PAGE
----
In his 1983 book “Yorkshire’s Ghosts and Legends,” Terrence Whitaker relates the story of a haunting at a property near Bank Top (the area of Southowram before the hill descends towards Halifax) in February 1962. The tenant Mr. John Harris was alone in the house whilst his wife was in hospital after having a baby. and one night at around eleven o’ clock when suddenly he heard “a resounding crash… the cat leapt up and appeared to fly around the room several inches from the ground, howling in terror,” followed by the sound of “giant footsteps crossing the room overhead, from one corner to the other, slowly and very loud”. Harris investigated but found nothing which might account for the phenomena. Upon discussing the experience with his neighbour the following morning he was told that he would have to get used to such disturbances, as she had heard them herself many times over the years.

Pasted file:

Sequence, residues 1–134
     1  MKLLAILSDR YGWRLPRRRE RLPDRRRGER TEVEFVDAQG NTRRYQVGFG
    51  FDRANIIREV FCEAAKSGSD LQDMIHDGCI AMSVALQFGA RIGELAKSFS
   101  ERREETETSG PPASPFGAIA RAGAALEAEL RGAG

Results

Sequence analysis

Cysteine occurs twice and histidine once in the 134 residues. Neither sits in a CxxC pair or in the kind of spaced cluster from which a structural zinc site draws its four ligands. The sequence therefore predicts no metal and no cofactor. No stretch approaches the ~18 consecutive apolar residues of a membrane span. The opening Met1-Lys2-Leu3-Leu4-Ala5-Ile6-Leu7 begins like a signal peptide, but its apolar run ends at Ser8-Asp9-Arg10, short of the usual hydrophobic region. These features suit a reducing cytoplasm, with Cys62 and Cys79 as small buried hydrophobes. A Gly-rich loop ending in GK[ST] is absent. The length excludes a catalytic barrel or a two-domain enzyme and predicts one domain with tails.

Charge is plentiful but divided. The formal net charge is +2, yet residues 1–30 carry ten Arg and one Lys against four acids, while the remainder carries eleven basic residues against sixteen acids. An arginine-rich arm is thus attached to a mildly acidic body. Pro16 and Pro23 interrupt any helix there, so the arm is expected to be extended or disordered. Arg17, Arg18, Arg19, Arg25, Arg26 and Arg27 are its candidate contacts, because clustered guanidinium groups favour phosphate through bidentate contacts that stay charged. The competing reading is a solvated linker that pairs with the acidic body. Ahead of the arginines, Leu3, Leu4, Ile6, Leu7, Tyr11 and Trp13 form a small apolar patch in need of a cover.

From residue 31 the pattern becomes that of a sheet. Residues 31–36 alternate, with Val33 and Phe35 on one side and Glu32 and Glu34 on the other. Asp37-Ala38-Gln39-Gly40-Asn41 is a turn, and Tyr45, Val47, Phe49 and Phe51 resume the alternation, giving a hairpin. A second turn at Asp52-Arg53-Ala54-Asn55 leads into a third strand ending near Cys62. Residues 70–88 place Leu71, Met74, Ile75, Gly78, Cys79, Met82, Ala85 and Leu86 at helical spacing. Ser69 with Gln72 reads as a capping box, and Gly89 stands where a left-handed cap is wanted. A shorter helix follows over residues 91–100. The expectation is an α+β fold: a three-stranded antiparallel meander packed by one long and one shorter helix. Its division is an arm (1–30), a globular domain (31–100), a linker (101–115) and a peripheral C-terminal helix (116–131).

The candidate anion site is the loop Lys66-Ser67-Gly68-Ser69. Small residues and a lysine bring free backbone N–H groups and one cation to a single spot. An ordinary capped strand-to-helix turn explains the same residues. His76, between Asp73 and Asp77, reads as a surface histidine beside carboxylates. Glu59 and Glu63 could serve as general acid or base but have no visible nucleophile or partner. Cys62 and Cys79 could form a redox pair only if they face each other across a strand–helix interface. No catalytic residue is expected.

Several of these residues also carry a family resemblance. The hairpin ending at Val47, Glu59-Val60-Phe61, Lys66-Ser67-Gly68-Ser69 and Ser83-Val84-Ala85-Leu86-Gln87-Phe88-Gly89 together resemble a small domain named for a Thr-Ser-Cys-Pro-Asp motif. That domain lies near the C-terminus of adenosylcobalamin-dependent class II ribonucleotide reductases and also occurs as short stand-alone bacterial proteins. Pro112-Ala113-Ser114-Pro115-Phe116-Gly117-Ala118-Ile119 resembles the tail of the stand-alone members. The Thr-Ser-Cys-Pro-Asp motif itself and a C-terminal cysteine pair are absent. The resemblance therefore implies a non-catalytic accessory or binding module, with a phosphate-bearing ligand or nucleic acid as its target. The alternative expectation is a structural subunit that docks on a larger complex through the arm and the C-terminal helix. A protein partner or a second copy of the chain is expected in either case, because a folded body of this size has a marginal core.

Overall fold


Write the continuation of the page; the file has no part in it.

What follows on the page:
Subsequent research by Mr. Harris revealed that the house he occupied had once been part of Blaithroyd Farm, formerly Blaithe Rood, where accordingly to John Crabtree in his “Concise History of the Parish and Vicarage of Halifax” occupancy dates back to at least the 14th Century. Crabtree goes on to claim that in the late 16th Century, during the reign of Elizabeth I when the practice of Catholicism was banned, papists would gather to worship there in secrecy. He also says “a little distant from the house was also some ground in the delph-brow called the burying-place”. In apparent confirmation, Whitaker writes that builders excavating land behind the house prior to the tenancy of Mr. Harris had in fact disturbed a mass burial site which they took for a plague pit or an internment following the 1643 Civil War skirmish at Bloody Field on the lower flanks of Beacon Hill nearby. Such history is certainly ripe with potential for unquiet spirits.